Home > iDEAL Focus > Features > Farewell to free Google music
Farewell to free Google music
By Brian Offenther

WHY did it happen now? In the middle of a holiday week, there are vast swaths of time for listening to music, like a giant table of food ready to be plucked from the buffet of time. With no warning, a whole bunch of plates were thrown on the ground.

What am I talking about? This message that appeared on the Google Music China website: "谷歌音乐搜索服务已经关闭,请您在10月19日之前登陆并下载保存播放列表" According to www.translate.google.com, that means: "Google music search service has been turned off, please log in and download saved playlists before October 19."

Not even a "RIP" or tombstone emblem. Perhaps a broken half-note shattered on the ground would be appropriate. No, instead the same beige, yellow and bright blue colors with black text that have colored the life of the site through its existence.

According to a September 21 article by Michael Kan in technology website PC World, Google Music launched in 2009, becoming the first licensed distributor of online music on the Chinese mainland.

The site allowed for digital downloads of MP3s from major labels for free. Revenue was generated from ad sales on the site. Artists like Led Zeppelin, Ke$ha, and Miles Davis were all available. Surfers of the site could preview songs to listen to, or download tracks individually.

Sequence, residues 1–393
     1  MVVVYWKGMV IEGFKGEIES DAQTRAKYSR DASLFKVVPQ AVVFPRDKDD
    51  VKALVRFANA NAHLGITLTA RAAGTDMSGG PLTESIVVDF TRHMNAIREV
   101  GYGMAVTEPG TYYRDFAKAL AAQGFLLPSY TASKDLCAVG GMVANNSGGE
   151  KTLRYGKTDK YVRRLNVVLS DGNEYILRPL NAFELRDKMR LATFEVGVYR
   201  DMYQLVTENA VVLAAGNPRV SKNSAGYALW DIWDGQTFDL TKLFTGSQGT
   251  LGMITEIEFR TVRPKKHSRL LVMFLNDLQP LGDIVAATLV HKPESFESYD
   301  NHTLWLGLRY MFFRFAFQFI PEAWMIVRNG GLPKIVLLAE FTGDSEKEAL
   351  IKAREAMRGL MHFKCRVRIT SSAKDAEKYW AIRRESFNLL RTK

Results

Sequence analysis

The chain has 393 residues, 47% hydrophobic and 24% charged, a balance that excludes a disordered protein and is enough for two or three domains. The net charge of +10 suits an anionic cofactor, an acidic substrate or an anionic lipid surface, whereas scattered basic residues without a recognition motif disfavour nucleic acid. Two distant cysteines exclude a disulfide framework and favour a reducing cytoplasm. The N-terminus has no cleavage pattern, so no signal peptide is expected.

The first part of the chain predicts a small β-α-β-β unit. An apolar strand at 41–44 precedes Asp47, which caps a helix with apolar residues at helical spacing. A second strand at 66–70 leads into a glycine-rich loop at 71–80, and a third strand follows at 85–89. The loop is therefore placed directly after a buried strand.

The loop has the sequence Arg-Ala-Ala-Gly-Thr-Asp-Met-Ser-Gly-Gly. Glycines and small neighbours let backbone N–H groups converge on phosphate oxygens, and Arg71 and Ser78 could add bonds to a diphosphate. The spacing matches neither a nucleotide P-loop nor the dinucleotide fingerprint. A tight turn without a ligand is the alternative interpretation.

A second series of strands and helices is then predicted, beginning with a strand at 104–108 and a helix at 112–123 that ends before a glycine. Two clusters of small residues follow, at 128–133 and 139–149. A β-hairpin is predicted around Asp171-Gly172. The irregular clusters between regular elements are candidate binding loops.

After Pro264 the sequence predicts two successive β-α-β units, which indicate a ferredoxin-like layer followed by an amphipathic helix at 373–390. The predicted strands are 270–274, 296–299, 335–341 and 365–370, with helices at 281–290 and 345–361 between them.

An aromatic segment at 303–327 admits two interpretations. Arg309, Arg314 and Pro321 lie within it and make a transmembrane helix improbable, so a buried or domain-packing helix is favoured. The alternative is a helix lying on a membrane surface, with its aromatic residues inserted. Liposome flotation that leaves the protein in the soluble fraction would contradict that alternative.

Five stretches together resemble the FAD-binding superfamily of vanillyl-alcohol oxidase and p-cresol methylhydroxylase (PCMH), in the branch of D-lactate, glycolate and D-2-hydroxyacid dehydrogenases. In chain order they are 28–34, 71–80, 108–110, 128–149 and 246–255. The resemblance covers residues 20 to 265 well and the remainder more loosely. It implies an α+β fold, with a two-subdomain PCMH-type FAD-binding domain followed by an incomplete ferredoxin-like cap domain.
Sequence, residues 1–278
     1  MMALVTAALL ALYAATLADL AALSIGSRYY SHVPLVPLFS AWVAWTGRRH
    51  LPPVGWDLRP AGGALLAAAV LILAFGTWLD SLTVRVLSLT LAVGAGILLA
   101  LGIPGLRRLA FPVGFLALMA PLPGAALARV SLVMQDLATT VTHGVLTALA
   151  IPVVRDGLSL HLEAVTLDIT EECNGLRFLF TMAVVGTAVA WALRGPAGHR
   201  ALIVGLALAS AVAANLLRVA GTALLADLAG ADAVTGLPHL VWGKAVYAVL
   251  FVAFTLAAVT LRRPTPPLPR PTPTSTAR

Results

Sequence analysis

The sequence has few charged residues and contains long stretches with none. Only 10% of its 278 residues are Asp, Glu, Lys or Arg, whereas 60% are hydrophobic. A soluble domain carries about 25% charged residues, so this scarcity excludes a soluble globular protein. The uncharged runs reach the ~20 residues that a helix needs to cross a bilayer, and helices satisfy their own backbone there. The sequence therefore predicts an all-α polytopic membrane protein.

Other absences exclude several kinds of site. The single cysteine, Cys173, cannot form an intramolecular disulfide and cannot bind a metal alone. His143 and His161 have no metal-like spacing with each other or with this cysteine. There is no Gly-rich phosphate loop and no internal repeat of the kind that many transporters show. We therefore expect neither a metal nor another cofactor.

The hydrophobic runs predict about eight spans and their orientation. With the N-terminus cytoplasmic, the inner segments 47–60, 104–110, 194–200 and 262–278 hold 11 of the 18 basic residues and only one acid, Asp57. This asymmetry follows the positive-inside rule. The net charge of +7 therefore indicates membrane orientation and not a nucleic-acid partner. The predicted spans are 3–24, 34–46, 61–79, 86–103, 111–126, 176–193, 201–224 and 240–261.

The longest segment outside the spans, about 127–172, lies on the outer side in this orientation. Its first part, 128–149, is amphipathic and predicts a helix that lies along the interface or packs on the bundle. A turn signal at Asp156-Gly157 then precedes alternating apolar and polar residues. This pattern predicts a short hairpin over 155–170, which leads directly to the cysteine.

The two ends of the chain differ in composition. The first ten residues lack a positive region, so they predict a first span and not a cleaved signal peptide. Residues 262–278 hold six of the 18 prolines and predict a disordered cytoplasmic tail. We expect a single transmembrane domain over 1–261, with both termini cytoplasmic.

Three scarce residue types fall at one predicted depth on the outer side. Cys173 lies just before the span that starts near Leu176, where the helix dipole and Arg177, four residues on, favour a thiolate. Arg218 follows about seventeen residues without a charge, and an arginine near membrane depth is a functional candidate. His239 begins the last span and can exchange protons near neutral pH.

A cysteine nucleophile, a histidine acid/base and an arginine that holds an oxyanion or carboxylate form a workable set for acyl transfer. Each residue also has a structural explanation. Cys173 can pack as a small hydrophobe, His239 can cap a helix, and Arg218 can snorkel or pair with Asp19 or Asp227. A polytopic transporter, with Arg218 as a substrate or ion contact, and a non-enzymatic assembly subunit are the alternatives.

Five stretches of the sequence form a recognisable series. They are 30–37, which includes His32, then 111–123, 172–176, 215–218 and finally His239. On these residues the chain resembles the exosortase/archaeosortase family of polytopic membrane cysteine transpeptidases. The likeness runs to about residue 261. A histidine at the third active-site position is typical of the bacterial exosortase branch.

Other than an annoying and time-wasting captcha code required to be filled out after more than a few dozen downloads in a single day, there were no other restrictions.

For music fans who respect copyright, especially those from the West used to pay-per-download or subscription services for music, this of course was a boon.

It felt akin to stealing, but it was all approved by the big bosses, with money going to the artists with as much regularity as you'd expect any similar transaction (very little, but that's another issue).

Of course, this leads to certain holes. For one, most music listeners don't respect copyright. Since that's the case, it still is somewhat easier to go to a torrent site to steal music than through the Google site. Alternatively, similar sites like Baidu were and are available.

At the very least, likely due to the influence of Google Music, Baidu now has cut some deals with the record labels for using their music, a situation that likely wouldn't exist if Google Music didn't tip the board in that direction.

So with Google Music now gone, we can at least appreciate some of its last effects. This includes hoping you were like me and downloaded a whole bunch of the great music provided by the site before it went away.


Customer Service: (86-21) 52920164